On May 14, 2015, the 34th Government of the State of Israel received the confidence of the Knesset by a razor thin margin of 61-59. In that vote the 24 Zionist Union MKs voted against the appointment of Environmental Protection Minister Avi Gabbay. Following his surprise upset victory in the Labor Party primary Gabbay will now lead the faction that led the vote against the launch of his political career.

Gabbay wasn’t elected to the 20th Knesset or to any previous Knesset. He is a rookie politician with little experience. His political experience can be summarized in one sentence: He worked on the Kulanu campaign and afterwards was appointed as a non-MK minister in Netanyahu’s government. Of the three portfolios that Kulanu received in 2015, he was given the least prestigious. Gabbay was one of the least known Israeli Ministers. He was left out of the great majority of public polling that measured Israel’s top ministers. There was only one public poll that measured the public opinion of all Israeli ministers. Panels conducted it for Maariv & The Jerusalem Post, and it was published on March 18, 2016. It measured the grade of each one of the 19 ministers at the time on a scale from 1 to 10 in terms of how well they did their job. Gabbay finished in the middle with a tie for 9th place and a 4.9 rating.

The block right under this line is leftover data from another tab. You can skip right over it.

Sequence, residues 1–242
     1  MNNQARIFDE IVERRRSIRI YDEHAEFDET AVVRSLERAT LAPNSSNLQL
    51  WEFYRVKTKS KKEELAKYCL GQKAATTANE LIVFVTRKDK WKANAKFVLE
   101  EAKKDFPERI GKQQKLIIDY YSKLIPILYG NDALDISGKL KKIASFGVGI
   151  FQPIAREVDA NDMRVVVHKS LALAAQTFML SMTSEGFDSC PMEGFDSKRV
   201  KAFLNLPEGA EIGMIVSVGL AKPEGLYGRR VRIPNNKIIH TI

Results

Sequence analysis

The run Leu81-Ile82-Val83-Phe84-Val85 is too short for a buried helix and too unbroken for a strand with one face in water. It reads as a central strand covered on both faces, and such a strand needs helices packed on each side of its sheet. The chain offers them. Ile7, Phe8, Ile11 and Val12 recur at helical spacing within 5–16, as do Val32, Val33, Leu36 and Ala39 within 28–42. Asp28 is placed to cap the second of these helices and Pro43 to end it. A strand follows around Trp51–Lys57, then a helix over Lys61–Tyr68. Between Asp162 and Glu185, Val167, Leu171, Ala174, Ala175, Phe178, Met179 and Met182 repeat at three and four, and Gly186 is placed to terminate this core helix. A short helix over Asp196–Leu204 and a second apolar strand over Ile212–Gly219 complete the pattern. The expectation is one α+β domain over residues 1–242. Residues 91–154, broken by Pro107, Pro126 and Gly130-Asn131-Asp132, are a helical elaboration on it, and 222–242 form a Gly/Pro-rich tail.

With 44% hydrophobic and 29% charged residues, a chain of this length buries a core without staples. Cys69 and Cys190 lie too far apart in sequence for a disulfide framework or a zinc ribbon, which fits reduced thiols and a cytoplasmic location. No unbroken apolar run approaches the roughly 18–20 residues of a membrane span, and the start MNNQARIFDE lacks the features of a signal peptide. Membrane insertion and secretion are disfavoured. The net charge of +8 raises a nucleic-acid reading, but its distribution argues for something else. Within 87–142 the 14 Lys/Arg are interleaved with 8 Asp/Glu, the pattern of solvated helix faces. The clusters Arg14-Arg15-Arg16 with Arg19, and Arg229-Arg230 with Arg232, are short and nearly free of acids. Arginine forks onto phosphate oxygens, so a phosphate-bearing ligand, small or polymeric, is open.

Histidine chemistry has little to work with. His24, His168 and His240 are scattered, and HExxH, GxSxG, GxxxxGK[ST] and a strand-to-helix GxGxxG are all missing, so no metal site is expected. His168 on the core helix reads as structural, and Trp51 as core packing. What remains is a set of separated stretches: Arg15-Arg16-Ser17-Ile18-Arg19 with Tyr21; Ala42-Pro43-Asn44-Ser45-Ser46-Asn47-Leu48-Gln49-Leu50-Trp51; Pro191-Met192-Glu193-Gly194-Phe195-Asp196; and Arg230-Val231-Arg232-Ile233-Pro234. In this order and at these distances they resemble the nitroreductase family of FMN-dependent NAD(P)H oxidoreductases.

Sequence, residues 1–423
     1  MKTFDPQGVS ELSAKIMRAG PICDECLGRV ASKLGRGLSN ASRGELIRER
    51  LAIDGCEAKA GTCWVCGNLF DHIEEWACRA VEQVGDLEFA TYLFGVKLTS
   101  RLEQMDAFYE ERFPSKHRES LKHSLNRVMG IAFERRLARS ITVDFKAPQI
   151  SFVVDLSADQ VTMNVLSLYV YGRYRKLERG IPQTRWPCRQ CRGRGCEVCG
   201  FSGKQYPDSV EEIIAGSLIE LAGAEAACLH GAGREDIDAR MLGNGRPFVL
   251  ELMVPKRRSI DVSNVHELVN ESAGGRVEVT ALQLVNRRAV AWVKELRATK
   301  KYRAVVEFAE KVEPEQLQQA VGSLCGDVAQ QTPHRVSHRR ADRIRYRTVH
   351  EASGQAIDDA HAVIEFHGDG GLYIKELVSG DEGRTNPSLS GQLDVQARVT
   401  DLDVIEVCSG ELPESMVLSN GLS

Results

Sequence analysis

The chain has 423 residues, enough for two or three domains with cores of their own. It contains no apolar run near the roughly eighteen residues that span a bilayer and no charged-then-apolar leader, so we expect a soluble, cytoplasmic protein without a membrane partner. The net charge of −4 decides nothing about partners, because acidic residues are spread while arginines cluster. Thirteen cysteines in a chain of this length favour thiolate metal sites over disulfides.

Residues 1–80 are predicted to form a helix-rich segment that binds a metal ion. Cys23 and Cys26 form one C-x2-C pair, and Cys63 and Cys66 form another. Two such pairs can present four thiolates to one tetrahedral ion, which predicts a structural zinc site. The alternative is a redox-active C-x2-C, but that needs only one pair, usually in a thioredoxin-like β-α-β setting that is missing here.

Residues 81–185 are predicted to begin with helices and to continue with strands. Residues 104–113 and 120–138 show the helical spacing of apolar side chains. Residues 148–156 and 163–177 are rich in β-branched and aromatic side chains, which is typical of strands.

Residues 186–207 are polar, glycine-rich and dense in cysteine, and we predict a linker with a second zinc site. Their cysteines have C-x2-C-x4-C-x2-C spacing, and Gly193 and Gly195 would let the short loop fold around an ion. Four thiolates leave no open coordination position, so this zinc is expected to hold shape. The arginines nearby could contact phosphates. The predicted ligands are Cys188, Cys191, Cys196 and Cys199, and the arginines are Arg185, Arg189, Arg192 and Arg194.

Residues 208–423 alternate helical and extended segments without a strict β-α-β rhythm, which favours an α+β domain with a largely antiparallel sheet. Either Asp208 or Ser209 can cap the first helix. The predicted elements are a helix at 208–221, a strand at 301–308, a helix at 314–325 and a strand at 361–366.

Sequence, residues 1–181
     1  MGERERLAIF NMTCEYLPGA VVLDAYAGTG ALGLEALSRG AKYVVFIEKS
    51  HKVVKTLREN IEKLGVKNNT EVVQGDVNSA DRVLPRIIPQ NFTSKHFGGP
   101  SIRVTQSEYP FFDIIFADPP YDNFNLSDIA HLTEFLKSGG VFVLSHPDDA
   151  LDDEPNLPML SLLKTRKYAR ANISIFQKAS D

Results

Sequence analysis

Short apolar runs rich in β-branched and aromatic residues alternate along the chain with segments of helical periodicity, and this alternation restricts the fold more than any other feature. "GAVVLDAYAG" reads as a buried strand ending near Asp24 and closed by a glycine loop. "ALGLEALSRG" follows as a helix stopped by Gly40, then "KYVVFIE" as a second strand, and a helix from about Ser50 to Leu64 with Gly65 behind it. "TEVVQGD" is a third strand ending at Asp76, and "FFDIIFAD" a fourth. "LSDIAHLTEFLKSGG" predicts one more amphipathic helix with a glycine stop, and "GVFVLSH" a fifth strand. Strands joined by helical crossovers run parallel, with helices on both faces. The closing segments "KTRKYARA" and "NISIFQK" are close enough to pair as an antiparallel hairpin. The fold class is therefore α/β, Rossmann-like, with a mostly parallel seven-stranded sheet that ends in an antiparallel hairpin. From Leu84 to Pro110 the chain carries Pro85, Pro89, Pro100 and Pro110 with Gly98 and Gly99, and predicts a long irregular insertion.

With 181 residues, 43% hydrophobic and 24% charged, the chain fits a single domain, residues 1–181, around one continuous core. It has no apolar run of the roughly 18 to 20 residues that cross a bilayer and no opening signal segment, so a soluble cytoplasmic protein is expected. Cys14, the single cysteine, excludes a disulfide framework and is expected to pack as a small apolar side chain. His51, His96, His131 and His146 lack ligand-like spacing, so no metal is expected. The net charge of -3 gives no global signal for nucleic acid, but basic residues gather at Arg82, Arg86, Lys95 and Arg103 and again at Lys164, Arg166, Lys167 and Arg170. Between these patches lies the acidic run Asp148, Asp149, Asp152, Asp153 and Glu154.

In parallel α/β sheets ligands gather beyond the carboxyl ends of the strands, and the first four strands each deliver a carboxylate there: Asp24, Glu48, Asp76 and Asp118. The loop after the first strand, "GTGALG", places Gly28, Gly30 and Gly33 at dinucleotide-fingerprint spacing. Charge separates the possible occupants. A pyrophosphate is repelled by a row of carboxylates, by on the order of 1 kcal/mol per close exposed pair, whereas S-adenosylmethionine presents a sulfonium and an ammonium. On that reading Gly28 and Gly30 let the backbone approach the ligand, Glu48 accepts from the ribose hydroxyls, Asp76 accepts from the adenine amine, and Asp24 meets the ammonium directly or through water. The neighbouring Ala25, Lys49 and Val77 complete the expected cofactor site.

Many people only learned who Gabbay was when he resigned as minister on May 27, 2016, in protest of Yisrael Beitenu entering the coalition. Gabbay joined the Labor Party in late December, and less than six months later has just been elected to lead it. Gabbay defeated the entire establishment and party machine of the old guard. Gabbay closed the gap of a 1,746 vote deficit with the favorite, Amir Peretz, and defeated him by 1,346 votes. Of the 52,505 eligible primary voters, 30,998 voted in the first round and that number did not drop off in the second round with 30,916. Peretz only improved from 10,141 votes in the first round to 14,734 in the second round. Gabbay almost doubled his numbers from 8,395 votes in the first round to 16,080 votes in the second round.

Now the real questions start. Does Gabbay use his reserved slot in the next election to add his friend Moshe Yaalon, who opposes a two state solution, to the party? Can Gabbay maintain the existing alliance with Livni? Will Gabbay be able to successfully sabotage possible break-off attempts by various MKs? Will Herzog agree to stay on as Opposition Leader for the entire term or will he eventually leave over a future disagreement? If Herzog is removed as Opposition Leader, who replaces him? Will Gabbay be able to work together with Peretz? Despite the bad blood between them, would Kahlon agree to join a future Gabbay coalition? Would Lapid? Are this week’s favorable snap-poll results a sign of things to come or just a temporary artificial fluke? How will Gabbay manage to do all of that with such little political experience? Those questions will take time to answer.

We can start by exploring one question that we might be able to answer: How did Gabbay win?